Incomplete annual reports and Parliament accountability
A heated debate in the Legislative Assembly last week has put the spotlight on the role of the House and Members of Parliament.
Annual reports that lacked financial statements and got tabled in the Parliament became an issue of contention for the Minister of Works Transport and the Opposition Leader Lauofo Pierre Lauofo.
An article (‘Incomplete reports’ spark Parliament debate) in last Thursday’s edition of the Samoa Observer reported on the exchange between Olo Fiti Va'ai and Lauofo Pierre Lauofo in the chamber.
The Minister accused the former Administration of using delay tactics to prolong the processes of compiling and putting together reports from Parliamentary Committees for tabling and debate in the Parliament.
He also claimed that the former Administration politicised the process which he added resulted in incomplete reports being submitted, which delayed their presentation to the Parliament.
"This can validate the tune we have been singing all this time on transparency, accountability, and good governance," said Olo.
"We need to weigh in the importance of the work carried out by parliamentary committees and to do that, we need to have all the information needed and full reports.
"This was a delay tactic used by the former Administration and we need to change that and dust it out. It drags how we carry out the work for the different committees and we need to continue with what we are doing right now."
Naturally, the statement in the House didn’t go down well with the Opposition Leader, who rejected the accusations, and asked what would the Human Rights Protection Party (HRPP) Administration get from using delay tactics.
"It's just that the reports were not tabled and presented to parliament," Lauofo claimed. "But everything was submitted to the office. The reports are also completed."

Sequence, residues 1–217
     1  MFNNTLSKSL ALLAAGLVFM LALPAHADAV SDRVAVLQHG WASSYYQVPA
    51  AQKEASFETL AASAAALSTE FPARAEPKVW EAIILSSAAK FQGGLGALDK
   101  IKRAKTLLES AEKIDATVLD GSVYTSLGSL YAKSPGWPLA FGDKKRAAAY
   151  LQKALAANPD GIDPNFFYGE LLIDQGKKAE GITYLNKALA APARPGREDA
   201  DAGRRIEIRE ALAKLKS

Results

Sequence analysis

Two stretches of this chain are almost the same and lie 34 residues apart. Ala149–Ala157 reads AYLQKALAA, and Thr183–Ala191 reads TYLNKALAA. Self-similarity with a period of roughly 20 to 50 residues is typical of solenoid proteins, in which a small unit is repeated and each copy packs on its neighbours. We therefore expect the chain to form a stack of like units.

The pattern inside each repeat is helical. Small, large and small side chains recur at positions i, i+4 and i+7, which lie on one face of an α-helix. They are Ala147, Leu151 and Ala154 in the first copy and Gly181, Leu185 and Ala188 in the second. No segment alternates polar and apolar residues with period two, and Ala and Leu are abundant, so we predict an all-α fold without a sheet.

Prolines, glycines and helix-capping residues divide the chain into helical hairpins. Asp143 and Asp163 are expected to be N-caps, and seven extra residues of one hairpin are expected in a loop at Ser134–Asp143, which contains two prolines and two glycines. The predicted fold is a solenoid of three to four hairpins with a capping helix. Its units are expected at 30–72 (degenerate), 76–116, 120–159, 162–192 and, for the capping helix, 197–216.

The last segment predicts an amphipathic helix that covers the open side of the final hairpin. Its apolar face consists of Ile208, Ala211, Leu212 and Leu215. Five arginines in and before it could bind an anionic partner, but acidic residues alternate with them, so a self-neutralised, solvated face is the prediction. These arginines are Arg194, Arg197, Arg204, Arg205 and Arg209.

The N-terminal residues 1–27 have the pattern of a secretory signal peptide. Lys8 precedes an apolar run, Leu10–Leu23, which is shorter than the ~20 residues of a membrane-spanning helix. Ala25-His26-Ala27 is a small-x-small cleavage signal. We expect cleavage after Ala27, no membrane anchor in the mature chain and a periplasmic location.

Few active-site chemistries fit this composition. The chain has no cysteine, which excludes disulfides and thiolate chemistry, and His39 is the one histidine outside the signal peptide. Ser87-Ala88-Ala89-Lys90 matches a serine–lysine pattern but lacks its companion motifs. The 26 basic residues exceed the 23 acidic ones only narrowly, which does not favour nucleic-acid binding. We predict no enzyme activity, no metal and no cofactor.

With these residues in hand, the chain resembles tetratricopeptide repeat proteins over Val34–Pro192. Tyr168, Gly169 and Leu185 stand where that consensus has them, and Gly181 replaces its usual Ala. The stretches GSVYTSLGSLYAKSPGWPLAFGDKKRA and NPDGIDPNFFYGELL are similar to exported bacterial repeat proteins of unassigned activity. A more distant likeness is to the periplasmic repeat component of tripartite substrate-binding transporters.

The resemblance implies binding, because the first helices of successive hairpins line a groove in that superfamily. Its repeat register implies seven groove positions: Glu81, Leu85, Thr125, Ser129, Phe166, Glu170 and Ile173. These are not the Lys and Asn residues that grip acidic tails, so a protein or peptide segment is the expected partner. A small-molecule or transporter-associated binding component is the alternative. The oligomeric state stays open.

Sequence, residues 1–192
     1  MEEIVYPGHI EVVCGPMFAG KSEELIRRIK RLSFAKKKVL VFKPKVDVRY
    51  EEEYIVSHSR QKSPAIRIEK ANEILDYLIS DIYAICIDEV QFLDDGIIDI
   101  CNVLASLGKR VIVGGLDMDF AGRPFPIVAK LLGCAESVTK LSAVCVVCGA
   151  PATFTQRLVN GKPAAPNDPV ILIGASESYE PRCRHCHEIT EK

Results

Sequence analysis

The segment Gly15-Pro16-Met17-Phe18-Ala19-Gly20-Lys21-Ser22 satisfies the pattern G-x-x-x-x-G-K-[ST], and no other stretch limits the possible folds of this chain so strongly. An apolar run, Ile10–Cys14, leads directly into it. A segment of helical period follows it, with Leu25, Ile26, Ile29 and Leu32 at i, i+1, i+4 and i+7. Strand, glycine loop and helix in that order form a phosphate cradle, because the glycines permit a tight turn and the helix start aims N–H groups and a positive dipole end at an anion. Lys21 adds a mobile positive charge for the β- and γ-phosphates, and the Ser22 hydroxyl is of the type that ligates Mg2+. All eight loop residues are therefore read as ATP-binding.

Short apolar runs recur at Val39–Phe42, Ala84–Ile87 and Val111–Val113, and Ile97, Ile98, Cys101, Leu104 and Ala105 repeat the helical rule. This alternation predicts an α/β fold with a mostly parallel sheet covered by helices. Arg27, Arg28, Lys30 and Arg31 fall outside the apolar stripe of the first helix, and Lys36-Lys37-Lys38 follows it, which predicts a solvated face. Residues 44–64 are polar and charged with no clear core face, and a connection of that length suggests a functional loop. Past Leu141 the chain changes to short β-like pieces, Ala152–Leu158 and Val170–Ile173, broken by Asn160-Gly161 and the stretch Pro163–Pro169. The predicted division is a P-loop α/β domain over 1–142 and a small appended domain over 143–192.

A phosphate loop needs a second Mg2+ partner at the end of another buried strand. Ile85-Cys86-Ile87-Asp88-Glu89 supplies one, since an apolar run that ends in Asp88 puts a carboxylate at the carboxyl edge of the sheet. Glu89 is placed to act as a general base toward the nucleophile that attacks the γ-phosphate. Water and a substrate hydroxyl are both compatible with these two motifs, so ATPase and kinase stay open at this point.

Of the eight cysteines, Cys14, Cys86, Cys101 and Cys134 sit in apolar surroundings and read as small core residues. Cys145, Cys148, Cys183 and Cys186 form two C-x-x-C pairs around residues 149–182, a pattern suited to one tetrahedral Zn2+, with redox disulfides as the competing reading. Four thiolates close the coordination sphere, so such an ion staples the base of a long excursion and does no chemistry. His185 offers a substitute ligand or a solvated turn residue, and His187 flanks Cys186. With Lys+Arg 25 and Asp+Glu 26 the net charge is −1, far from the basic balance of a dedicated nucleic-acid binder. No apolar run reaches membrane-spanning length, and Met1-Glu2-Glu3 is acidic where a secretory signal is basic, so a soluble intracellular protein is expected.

"What would we get from delay tactics?
"There was no such thing as delay tactics. There may have been a delay in the submission of the reports, but by the time it's tabled in parliament, everyone has a fair understanding of the reports. We never hid anything from the public."
Ok, let’s stop here and analyse the above statements made by the two seasoned politicians, by trying to establish the facts. First, it appears there were annual reports submitted by the different government ministries or agencies during the term of the last Administration, which did not include financial statements. Second, the absence of financial statements from the annual reports delayed their submission to the Parliament. Third, the failure to submit and table those annual reports in the Parliament, could have led to the legislators being denied the opportunity to scrutinise those public institutions, in line with their mandate as the elected representatives of the people.
This is why we welcome the debate on the floor of the Parliament’s chamber last week. These are signs of a healthy democracy, with our legislators using every opportunity to not only keep the public institutions accountable but also scrutinise the actions of the public servants managing them.
What about the delays in submitting and tabling the annual reports of public institutions as the Opposition Leader made reference to? Well, we note the admission by Lauofo of the possible delays in the submission of the reports, who then declared that “we never hid anything from the public!”
Obviously, the debate in the Parliament last week uncovered some of those pitfalls which need to be identified and resolved. Some of the key questions to ask are who were those officials responsible for the timely submission of the annual reports? Why didn’t those officials include financial statements in the annual reports? And what is the track record of the different public institutions in consistently submitting their annual reports for tabling in the Parliament and in a timely fashion?
Nonetheless, it is time for our Members of Parliament to admit that there are hurdles in the system, which are impeding the Legislative Assembly and the country’s legislators from carrying out their constitutional functions.
The revelation of the delay in government entities submitting their annual reports could potentially point to a bigger problem: the failure of public servants to account for all public expenditures including funding.
It is time to publicise details of those government entities that have delayed the submission of their annual reports to the Parliament. Even if those annual reports date back to the tenure of the former Administration – it is within the rights of citizens to know how public funds were expended.
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